These are what we call the 'YMMV items.' Things that some people find in this work. We call them 'your mileage might vary' because not everyone sees these things in the same way. This starts discussions in the trope lists, a thing we don't want. Please use the discussion page if you'd like to discuss any of these items.
Alternative Character Interpretation: The Mercy Seat, a song considered by many to be Nick Cave’s magnum opus, is narrated by a convicted killer, a man who shares his last ruminations on God, life in death row, and his own fate with us before being sent to the electric chair. Throughout the song, the narrator insists both that he is innocent and that he is “not afraid to die”, but drops several hints (making references to his “kill hand” and his “devil blood”, for instance) that he might not be as blameless as he claims, and his lurid obsession with the chair also seems to hint that he is truly horrified by the thought of his execution. But what truly ratchets the ambiguity of the song up to new levels is the song’s final line, which sees the chorus’s original ending—“And I’m not afraid to die”—replaced with something else: "But I’m afraid I told a lie." Which of the narrator's claims is the lie—his profession of innocence, or his insistence that he isn't scared of death? Is the narrator breaking down and confessing his guilt, or is he simply admitting that, for all his apparent bravado, he really is afraid of the chair? Is he a hard-bitten murderer grudgingly acknowledging his sins in the last moments of his life—or an innocent brought nearly to the point of madness by the thought of what is about to happen to him?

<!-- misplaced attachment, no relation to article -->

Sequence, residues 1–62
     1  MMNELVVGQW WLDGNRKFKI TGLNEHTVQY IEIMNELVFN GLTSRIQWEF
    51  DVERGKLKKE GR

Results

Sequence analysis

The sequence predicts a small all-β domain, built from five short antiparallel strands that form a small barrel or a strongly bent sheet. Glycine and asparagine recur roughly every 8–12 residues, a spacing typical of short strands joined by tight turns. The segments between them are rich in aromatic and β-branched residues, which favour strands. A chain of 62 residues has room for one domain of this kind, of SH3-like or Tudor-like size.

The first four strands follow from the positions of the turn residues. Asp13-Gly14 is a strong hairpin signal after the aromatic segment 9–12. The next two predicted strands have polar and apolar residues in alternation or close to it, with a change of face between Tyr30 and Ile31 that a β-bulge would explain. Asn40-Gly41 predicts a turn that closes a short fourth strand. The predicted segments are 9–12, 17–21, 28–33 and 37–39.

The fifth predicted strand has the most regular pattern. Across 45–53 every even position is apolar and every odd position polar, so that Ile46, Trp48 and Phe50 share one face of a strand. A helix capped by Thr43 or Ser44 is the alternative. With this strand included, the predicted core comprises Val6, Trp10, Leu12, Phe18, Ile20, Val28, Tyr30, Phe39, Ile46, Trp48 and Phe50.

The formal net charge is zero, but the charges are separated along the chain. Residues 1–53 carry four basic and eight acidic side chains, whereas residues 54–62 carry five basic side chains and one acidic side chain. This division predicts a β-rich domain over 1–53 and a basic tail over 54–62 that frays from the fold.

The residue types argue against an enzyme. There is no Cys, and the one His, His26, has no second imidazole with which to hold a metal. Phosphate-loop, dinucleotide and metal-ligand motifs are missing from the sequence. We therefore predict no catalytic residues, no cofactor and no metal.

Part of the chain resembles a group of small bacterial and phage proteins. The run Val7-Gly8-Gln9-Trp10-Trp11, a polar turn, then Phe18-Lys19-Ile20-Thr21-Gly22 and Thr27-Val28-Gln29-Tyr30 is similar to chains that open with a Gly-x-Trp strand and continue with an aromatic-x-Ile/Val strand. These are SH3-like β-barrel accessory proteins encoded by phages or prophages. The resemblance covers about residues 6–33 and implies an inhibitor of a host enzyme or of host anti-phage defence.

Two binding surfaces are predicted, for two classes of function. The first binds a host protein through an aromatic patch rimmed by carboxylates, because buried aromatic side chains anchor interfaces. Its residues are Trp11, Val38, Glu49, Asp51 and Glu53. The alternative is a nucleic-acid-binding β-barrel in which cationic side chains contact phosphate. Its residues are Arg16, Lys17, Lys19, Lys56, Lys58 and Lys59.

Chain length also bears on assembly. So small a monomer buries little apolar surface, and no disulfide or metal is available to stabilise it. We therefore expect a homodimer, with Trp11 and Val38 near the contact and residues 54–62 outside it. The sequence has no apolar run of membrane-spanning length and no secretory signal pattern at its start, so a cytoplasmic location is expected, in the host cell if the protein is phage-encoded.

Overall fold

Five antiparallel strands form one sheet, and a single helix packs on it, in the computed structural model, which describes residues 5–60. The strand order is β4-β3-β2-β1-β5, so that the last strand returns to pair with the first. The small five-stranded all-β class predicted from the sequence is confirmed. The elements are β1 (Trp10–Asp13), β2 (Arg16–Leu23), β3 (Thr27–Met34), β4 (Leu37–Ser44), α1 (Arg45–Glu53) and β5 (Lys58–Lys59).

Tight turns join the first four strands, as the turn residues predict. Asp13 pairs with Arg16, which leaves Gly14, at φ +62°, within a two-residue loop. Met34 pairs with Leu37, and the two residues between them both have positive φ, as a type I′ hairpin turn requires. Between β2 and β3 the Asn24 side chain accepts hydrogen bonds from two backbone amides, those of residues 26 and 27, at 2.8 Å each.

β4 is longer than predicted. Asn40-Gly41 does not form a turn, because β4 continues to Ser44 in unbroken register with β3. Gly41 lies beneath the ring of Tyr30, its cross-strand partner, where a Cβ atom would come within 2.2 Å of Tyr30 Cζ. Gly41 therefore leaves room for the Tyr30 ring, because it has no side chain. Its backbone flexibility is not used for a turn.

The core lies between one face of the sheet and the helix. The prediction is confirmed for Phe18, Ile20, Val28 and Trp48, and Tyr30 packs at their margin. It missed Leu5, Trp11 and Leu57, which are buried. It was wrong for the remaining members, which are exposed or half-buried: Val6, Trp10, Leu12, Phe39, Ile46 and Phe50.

Awesome Music: "The Mercy Seat", a very popular work by the The Bad Seeds, and with Nick Cave himself.
Complete Monster: Lottie, the 14-year-old title character and narrator of "The Curse of Milhaven" is such a sadistic, prolific, and senseless killer that her actions are mistaken for some sort of curse upon her hometown. First, she murders a young boy by bashing in his head, and hides his body in a creek. She then decapitates a handyman and leaves his head in a fountain, and stabs her neighbor to death. After getting caught, she happily describes the rest of her crimes in detail: on top of the murders, she had taken down warning signs around a lake in late Winter, resulting in the deaths of 20 children, and committed arson around a slum, burning it and its inhabitants to the ground. She ends the song by explicitly stating that she feels no remorse, and makes it clear that she only committed these crimes for fun.
Crosses the Line Twice: "Stagger Lee", "The Curse of Millhaven" and "O'Malley's Bar" are so blatant about their respective narrator's enjoyment of murder that they cross over into Black Comedy.
Face of the Band: Doesn't help that they're called "Nick Cave and the Bad Seeds" and that Cave is so charismatic that he steals all the attention anyway. Only music nerds tend to recognize that Rowland S. Howard, Warren Ellis, Blixa Bargeld, Mick Harvey, Conway Savage, J.G. Thirlwell and other utterly brilliant musicians have been involved with Cave's projects over the years.
Averted during The Birthday Party years when Cave was just the lead singer, although they never experienced anything remotely close to the fame the Bad Seeds have.
Ho Yay with Blixa Bargeld: their duets of Where the Wild Roses Grow and The Weeping Song. Oh, and that time they made out on stage...